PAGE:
• The average age of dogs with nasal cavity cancer is 10 years and males are slightly more affected by this tumor than females. Medium to large breeds more commonly develop nasal cavity cancer than small breeds.
  • Clinical signs of nasal cancer include bleeding from the nose, white, yellow or green nasal discharge, deformity of the face and tearing from one or both eyes.
  • Although the aforementioned clinical signs can be due to intranasal cancer, other causes may include high blood pressure, fungal infection and allergies. If your pet has depigmentation of the nose and nasal discharge, fungal infection is likely to the be cause versus cancer.
  • The first tests that are run include blood work such as a complete blood count, biochemistry profile, urinalysis and clotting profile.
  • Chest radiographs (x-rays) are made to evaluate that patient for spread of the tumor to the lungs.
  • Radiographs of the nasal cavity are generally of little diagnostic value to the clinician, therefore CT scan is recommended. This diagnostic modality will give the veterinarian a very good idea as to the type of disease process present (cancer vs. fungal infection) and the extent of the disease.
  • Definitive diagnosis of a nasal tumor is based on the evaluation of a biopsy of the tumor and is typically performed at the time of a nasal CT scan. Anesthesia is required for both procedures.
Treatment options
  • No treatment is an option, however survival times following diagnosis of a malignant intranasal cancer is quite short. One study showed a median survival time of 95 days. Dogs that had bloody nasal discharge had a median survival time of 88 days versus those dogs that did not have blood in the nasal discharge had a median survival time of 224 days.
  • Surgery alone results in median survival times that are less than six months, therefore is not recommended as the sole treatment.
  • Surgery followed by orthovoltage radiation therapy resulted in a median survival time of 23 months in one study, however other studies have not been able to reproduce these results. The type of radiation therapy seems to play a role in patient survival. One study which included 42 dogs, showed that surgery and orthovoltage radiation therapy was inferior to megavoltage radiation therapy reported in other studies.
  • Radiation therapy followed by surgical removal of the contents of the nasal cavity has given the longest survival times. In Adam's study (2005) of 53 dogs, the median survival time was 19.7 months with radiation alone and 47.7 months with 10 doses of 4.2 Gy per dose and subsequent surgery. Currently, this seems to be the best treatment for dogs that have intranasal tumors.
  • Photodynamic therapy (injection of the patient with a special light sensitizer and illumination of the site with a special light) has been reported in 4 cases and resulted in clinical remission of the cancer in the patients that had epithelial tumors, but not the dog that had a sarcoma.
  • Chemotherapy (carboplatin, adriamycin and piroxicam) has been reported in a series of 8 cases, in which 75% responded to treatment. Disease free intervals in the responding patients ranged from 150 to 510 days. This treatment may be a consideration if radiation therapy is not an option.
  • Recurrence of the tumor in most cases is expected.
  • Chronic nasal discharge and recurrent infection in the nasal cavity is a common problem following radiation and surgery of the nasal cavity, thus intermittent treatment with antibiotics may be needed.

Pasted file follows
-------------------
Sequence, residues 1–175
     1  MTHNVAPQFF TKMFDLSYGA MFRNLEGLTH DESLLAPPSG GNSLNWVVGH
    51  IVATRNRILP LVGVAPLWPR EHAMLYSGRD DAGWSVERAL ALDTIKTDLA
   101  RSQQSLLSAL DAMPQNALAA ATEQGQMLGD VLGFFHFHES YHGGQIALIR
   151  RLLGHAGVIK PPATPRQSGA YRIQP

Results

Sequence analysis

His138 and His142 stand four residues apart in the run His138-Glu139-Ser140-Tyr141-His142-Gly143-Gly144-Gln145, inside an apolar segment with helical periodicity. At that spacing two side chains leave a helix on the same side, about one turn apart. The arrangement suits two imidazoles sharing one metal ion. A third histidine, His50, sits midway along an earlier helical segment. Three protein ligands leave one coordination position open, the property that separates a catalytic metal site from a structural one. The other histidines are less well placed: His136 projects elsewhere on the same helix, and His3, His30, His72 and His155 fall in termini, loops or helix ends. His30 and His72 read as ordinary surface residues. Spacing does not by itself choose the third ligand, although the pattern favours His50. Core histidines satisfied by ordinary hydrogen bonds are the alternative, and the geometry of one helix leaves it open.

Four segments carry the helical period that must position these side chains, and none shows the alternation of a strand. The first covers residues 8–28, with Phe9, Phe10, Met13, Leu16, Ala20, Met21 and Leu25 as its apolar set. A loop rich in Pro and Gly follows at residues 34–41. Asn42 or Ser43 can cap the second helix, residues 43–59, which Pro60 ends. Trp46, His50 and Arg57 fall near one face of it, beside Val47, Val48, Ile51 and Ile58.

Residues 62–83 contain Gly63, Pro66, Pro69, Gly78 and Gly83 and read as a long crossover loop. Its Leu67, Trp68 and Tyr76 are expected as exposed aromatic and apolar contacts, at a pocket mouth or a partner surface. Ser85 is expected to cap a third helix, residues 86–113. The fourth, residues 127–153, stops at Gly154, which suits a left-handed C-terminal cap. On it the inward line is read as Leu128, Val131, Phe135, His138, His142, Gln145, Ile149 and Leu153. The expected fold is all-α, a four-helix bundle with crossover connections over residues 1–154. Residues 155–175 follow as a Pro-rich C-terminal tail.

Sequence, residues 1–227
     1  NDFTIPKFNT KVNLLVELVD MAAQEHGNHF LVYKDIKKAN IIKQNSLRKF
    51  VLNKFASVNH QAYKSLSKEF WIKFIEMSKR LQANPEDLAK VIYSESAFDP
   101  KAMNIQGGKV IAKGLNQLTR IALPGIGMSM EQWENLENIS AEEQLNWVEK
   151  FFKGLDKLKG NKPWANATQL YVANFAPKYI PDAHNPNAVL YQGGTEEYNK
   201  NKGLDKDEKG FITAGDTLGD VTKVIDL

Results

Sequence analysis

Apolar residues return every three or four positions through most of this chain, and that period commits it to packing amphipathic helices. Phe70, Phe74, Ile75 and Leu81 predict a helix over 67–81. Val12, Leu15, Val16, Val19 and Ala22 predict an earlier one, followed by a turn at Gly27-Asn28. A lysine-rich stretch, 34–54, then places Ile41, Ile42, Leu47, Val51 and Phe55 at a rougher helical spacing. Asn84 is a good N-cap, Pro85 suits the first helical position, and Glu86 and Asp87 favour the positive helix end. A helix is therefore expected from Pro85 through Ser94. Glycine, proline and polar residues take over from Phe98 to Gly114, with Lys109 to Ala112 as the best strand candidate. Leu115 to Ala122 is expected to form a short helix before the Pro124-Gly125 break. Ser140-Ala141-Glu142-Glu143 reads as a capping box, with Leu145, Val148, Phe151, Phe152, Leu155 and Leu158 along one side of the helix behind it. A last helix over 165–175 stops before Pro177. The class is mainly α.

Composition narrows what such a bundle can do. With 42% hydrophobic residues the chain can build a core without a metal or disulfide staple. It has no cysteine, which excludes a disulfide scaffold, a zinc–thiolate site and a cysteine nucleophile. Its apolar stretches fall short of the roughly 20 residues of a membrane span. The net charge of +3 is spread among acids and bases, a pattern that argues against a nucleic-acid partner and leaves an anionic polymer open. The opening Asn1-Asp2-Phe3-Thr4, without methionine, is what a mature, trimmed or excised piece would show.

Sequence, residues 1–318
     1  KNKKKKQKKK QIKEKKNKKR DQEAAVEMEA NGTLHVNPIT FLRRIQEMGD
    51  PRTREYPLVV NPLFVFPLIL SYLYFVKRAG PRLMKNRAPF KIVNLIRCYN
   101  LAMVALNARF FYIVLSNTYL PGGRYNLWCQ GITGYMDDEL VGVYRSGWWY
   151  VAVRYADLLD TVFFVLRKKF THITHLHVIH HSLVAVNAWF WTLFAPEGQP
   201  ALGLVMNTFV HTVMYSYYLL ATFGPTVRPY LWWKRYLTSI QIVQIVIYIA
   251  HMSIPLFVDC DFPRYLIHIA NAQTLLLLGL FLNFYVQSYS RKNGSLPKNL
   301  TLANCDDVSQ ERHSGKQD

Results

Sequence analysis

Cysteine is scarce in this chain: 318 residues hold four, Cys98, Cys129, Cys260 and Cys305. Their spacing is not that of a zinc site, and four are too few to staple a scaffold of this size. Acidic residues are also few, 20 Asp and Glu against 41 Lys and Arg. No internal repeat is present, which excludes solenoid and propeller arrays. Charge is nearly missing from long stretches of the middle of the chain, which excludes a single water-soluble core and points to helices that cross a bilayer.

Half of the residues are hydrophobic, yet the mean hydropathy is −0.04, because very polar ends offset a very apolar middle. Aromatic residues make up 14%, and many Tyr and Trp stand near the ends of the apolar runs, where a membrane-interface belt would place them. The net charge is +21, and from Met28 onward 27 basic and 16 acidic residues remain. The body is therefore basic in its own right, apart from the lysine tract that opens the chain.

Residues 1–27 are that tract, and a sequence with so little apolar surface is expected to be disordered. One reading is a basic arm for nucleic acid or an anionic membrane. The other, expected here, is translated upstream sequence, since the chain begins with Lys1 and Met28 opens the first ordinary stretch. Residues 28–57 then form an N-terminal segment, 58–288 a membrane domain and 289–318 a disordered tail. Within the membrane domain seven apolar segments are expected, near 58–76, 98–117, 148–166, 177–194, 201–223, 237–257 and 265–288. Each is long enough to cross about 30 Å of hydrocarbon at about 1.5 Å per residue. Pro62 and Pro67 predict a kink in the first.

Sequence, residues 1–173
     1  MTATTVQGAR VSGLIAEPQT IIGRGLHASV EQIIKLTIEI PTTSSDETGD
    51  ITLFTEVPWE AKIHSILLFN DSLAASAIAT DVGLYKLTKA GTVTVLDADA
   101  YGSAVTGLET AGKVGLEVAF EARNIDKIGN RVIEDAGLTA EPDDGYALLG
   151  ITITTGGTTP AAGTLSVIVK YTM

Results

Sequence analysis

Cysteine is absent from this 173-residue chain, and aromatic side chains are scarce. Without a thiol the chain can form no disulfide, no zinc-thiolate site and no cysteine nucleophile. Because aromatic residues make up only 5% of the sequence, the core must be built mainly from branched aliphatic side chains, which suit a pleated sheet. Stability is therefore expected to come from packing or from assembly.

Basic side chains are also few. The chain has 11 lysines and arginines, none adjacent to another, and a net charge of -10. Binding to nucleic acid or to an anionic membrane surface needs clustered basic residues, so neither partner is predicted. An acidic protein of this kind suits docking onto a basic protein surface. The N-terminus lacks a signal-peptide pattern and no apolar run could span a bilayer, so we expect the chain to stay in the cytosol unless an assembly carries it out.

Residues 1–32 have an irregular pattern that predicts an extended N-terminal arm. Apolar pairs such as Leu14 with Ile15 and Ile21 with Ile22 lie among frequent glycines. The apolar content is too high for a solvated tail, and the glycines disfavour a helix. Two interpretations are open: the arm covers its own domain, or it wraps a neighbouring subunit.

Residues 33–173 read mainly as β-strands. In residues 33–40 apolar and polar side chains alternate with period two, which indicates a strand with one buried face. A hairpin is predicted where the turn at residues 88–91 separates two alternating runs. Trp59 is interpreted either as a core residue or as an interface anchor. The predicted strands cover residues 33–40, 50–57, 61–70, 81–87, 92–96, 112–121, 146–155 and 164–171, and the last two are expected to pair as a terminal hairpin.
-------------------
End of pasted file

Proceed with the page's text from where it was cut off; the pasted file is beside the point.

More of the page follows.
• Side effects of radiation include:
    • loss of hair over the bridge of the nose
    • chronic nonhealing wounds over the bridge of the nose
    • mucositis (sores in the mouth)
    • brain damage
    • blindness due to cataracts or damage to the eyes
    • oronasal fistulae - a hole that develops in the mouth that communicates with the nasal cavity
Summary of prognostic factors in dogs
  • Dogs afflicted with a nasal cavity tumor tend to have a shorter life span with
    • bloody nasal discharge
    • age greater than 10 years
    • sex: males
    • metastasis of the cancer at the time of diagnosis
    • failure of resolution of clinical signs following radiation therapy
    • please note that just because your dog may have one or more of these factors does not mean that treatment will not extend quality of life
Specifics about cats and nasal cavity tumors
  • Ninety-two percent of all nasal cavity tumors are malignant.
  • Lymphoma is the most common cancer that affects the nasal cavity in cats. In a study of 123 cats afflicted with nasal cavity cancer, the second most common cancer was carcinomas (adenocarcinoma and squamous cell carcinoma). Older cats are generally affected with a median age of 9 months in one study.
  • The most common clinical signs include nasal discharge, sneezing and vomiting. Other signs include loss of appetite, breathing difficulty and decreased activity.
  • On study showed that lymphoma may be localized to the nasal cavity (in about one third of the cases) and radiation therapy may be the treatment of choice. Cats that are infected with Feline Leukemia Virus or Feline Immunodeficiency Virus generally do not do as well and development of lymphpoma in other parts of the body are quite possible. Almost all cases are B-cell lymphoma. Nasal lymphoma tends to be more resistant to chemotherapy than other forms of lymphoma.
  • In a report of 19 cats that had stage 1 intranasal lymphoma, treatment with radiation and chemotherapy resulted in a disease free interval of 31 months and a median survival time of 31.4 months. Based on the fact that 17.6% of the cases had recurrences in distant locations, radiation therapy is not recommended as a sole treatment and chemotherapy should be also used.
  • In a series of 8 cats with nonlymphomatous intranasal tumors treated with course fraction megavoltage radiation (4 to 6 treatments) the median survival time was 382 days.